This game has revisional differences.
|This page covers both the Pokémon Bank application and the PokéTransporter partner application.|
Pokémon Bank is essentially Pokémon Box for the new generation of Pokémon games, except using a special Internet cloud-based storage. When used in conjunction with the PokéTransporter, Pokémon from the Generation V games (and later the Virtual Console releases of the Generation I and II games) could be transferred into the Bank and then ported to current games.
However, its long-anticipated (and perhaps quite poorly thought-out) release date led to problems, as the Christmas 2013 season crippled Nintendo with a serious eShop server crash. Pokémon Bank was taken off the eShop in Japan mere hours after its release to avoid further problems. After being polished up in order to prevent another crisis, it returned to the Japanese eShop after nearly a month.
|Download Pokémon Bank ("sounddebug" folder contents)
File: PokemonBank-sounddebug.zip (19.0 KB (75.6 KB extracted)) (info)
Present in the root of the RomFS is a folder called sounddebug, containing two files: out.txt and out2.txt. Both files' contents consist of comma-delimited lists of numbers that appear to be arranged in triplets, due to the particular pattern in which the numbers increment (increase by one). Their precise use, besides likely being the output of some kind of debugging process, is unknown.
The Japanese rerelease and subsequent international releases were branded as "Ver. 1.1", as shown on the bottom-left of the top title screen in both applications.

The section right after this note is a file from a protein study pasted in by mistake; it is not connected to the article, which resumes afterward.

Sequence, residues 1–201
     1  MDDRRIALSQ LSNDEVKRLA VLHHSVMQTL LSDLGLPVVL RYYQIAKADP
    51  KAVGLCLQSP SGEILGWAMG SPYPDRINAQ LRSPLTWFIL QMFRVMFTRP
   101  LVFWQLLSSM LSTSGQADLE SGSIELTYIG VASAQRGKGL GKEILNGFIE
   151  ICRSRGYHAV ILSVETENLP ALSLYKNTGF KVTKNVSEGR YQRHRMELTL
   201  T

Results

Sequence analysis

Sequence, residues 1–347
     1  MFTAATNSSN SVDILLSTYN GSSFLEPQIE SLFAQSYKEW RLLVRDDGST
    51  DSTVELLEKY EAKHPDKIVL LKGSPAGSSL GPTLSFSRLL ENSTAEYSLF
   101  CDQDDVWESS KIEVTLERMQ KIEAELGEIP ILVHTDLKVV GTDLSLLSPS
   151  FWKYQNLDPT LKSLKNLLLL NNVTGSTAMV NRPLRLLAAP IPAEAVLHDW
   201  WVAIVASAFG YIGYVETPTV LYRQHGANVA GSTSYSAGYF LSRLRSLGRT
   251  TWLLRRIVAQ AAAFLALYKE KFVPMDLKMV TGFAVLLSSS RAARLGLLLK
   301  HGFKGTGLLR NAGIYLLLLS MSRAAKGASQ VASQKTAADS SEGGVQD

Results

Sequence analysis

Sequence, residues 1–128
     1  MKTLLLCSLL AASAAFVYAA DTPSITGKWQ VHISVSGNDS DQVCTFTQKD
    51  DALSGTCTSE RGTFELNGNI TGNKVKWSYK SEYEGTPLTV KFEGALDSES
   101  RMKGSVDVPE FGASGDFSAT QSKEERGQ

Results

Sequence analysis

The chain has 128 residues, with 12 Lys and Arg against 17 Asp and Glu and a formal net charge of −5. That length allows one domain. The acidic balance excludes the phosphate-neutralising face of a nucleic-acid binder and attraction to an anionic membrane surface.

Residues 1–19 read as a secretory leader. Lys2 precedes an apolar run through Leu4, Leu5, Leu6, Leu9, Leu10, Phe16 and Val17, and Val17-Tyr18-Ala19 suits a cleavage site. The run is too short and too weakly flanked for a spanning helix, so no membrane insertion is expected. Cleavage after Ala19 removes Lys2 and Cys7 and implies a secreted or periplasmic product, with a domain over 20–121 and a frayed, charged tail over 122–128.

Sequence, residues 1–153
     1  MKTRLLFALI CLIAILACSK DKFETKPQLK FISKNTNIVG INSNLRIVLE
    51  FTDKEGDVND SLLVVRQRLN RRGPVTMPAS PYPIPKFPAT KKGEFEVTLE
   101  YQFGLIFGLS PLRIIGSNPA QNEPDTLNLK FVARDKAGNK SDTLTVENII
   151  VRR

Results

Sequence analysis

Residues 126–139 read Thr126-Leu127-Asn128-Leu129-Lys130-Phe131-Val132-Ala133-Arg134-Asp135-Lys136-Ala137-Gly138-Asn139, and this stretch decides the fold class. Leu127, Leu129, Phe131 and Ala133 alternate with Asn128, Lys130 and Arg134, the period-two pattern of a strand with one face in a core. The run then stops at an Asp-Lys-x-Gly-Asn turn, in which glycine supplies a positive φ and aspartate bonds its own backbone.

Kalos Native Pokémon
Due to the nature of X and Y's available Pokémon versus the various Pokémon unobtainable without Bank (and perhaps to avoid complaints about hacked Pokémon), every Pokémon that is caught in X and Y is labeled with a small pentagon indicating that it is a native of the Kalos region. Additionally, a slightly-larger pentagon in the Pokédex indicates the Pokémon was caught in X and Y, while a Pokéball in the Pokédex indicates that the Pokémon was ported through Bank and PokéTransporter.
However, when Bank was originally released in Japan (before it was taken down from the eShop temporarily), if a Pokémon in a Generation V game was tweaked slightly through hacking, when it was ported through PokéTransporter it would be seen as a Kalos native.
This was fixed for the rerelease and international releases.
In the original release, multiple connections to multiple servers had to process separately while using the Bank, requiring a connection to the Nintendo Network server, then the eShop server, then the Bank cloud server in order to function. The rerelease and international releases fixed this by running one connection through the Nintendo Network server before connecting to the Bank server.
Released internationally on November 18, 2014.
- Updates data and compatibility to coincide with the release of Omega Ruby and Alpha Sapphire.
Released internationally on January 24, 2017.